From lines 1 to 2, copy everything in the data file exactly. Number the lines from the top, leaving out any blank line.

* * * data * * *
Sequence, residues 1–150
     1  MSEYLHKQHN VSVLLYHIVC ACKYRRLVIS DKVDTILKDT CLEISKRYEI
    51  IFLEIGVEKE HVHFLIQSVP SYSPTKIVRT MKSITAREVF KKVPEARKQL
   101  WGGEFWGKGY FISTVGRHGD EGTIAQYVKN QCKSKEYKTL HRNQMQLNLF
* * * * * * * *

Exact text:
Sequence, residues 1–150
     1  MSEYLHKQHN VSVLLYHIVC ACKYRRLVIS DKVDTILKDT CLEISKRYEI